Bruce Museum

Founded in 1908, the Bruce Museum, is a community-centric museum that focuses on the arts and science. The museum is located in downtown Greenwich, Connecticut at 1 Museum Drive. It is 35 miles east of New York City off I-95 and adjacent to the Metro-North Railroad's Greenwich station. The Bruce Museum boasts world-class exhibits featuring the natural sciences in regional and global perspectives focusing on geology, paleontology, archaeology, local Native Americans, natural history, and the effects of man on the areas around Greenwich.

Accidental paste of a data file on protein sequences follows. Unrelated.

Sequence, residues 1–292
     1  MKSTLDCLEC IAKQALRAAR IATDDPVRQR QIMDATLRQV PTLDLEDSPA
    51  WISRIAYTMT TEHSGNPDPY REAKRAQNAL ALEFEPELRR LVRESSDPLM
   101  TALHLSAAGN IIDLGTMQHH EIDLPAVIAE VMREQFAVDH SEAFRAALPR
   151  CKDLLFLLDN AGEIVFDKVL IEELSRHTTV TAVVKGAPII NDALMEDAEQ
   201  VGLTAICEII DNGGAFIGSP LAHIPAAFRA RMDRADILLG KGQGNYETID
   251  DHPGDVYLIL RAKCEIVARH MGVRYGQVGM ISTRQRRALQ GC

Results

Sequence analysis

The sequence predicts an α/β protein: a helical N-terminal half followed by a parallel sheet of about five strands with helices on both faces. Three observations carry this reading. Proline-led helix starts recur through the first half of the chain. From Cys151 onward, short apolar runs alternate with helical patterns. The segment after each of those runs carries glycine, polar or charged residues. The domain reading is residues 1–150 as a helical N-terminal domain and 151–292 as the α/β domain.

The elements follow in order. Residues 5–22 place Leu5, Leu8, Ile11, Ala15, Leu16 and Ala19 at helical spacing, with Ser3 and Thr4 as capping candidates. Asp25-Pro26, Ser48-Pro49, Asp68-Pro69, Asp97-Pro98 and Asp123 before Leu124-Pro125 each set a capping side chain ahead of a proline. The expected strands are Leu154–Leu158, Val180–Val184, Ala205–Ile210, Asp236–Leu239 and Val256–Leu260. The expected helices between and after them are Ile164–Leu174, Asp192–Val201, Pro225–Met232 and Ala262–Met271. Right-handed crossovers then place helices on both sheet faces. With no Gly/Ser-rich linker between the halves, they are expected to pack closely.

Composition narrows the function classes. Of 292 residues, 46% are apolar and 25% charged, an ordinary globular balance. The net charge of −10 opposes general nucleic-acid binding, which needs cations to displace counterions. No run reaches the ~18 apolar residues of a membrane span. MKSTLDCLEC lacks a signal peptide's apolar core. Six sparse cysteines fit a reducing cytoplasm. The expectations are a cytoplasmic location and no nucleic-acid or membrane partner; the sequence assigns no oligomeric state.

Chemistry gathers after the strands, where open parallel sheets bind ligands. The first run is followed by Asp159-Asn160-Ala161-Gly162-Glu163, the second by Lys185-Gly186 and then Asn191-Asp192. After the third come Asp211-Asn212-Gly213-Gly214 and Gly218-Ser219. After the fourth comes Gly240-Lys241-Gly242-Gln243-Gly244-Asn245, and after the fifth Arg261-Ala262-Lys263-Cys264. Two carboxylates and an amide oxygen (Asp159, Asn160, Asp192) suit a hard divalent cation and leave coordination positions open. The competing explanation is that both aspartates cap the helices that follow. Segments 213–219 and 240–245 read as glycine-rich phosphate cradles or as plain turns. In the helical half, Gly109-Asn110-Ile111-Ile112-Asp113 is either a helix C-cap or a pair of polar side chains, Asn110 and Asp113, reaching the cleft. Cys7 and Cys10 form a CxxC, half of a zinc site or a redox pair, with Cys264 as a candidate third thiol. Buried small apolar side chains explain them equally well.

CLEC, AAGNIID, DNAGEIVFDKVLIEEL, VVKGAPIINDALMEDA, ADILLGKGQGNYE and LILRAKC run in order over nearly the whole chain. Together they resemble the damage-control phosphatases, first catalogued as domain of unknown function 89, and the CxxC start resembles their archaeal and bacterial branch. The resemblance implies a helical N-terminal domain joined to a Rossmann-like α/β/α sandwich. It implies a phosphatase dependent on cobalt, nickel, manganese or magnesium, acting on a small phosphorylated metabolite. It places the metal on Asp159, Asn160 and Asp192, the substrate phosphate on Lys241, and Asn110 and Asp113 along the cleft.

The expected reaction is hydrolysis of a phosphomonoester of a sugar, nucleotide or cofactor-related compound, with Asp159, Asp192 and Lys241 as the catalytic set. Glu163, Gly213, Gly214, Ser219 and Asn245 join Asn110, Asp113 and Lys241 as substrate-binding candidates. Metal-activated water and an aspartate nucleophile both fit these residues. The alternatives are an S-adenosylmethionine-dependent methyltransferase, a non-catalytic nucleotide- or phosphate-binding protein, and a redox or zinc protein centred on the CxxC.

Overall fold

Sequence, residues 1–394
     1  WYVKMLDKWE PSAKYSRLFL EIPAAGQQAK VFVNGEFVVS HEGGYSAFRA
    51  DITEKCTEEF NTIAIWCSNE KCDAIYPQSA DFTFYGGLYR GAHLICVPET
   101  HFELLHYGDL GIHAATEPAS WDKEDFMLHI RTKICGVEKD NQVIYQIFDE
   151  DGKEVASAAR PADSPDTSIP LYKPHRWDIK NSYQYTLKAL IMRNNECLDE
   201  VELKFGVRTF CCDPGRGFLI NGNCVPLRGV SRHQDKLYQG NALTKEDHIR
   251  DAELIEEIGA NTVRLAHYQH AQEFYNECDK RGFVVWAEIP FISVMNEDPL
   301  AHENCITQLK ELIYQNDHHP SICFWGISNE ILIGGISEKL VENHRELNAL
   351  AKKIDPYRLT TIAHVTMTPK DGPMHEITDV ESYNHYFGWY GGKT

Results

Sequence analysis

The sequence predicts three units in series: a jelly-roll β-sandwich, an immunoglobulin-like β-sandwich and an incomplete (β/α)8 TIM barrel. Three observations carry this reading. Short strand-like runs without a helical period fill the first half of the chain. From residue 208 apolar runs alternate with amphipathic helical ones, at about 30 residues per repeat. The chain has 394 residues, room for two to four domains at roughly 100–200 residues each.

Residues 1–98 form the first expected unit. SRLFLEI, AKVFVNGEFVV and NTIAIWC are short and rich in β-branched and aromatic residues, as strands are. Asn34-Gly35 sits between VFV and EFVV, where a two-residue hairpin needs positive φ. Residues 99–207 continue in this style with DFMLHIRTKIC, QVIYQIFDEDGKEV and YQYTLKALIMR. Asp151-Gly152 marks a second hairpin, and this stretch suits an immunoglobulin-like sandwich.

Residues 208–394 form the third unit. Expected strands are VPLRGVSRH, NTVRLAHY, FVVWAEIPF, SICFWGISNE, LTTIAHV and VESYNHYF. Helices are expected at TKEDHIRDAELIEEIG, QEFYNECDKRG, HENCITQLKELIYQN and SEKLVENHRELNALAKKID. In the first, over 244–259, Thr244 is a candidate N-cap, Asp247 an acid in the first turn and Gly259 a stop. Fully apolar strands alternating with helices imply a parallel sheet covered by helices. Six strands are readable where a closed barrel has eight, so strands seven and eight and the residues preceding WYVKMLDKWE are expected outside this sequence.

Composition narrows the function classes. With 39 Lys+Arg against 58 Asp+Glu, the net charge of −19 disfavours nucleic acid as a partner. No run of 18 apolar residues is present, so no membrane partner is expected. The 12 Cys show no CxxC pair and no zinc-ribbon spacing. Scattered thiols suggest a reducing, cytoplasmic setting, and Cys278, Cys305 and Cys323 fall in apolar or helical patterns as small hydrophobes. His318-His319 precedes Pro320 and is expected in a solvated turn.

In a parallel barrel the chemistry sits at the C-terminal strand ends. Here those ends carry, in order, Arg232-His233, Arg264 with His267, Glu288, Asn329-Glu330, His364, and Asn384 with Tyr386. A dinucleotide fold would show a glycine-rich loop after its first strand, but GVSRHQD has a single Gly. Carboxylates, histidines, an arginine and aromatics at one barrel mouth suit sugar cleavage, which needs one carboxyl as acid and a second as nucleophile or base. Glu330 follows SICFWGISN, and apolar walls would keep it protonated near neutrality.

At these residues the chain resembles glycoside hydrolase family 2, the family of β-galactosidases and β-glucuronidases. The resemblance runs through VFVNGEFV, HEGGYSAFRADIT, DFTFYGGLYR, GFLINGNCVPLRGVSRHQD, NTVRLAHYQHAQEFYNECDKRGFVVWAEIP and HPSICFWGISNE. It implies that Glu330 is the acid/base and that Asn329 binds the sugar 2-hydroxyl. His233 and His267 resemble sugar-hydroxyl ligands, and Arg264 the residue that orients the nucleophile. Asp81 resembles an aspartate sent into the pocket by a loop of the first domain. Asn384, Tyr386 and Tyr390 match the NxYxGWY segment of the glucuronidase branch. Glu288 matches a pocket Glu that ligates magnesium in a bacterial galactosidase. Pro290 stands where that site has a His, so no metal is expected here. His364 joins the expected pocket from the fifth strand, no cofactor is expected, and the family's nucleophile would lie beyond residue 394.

Initially, the museum was built as a private home in 1853 for the attorney, cleric, and historian Francis Lister Hawks.  The property then changed hands in 1858 to an established textile merchant and member of the New York Cotton Exchange, Robert Moffat Bruce. In 1908, Bruce deeded his property to the town of Greenwich so that it would be used "as a natural history, historical and art museum, for the use and benefit of the public."

In 1992, the Bruce Museum, Inc. was established as a non-profit organization and started extensive renovations.

Currently, the museum houses many display cases containing minerals, including a meteorite that you can touch, large mineral crystals from places around the world, and phosphorescent minerals.

In addition to minerals, the museum houses a collection of 15000 art pieces from the United States, Native American, Eurasian, and pre-Columbian art.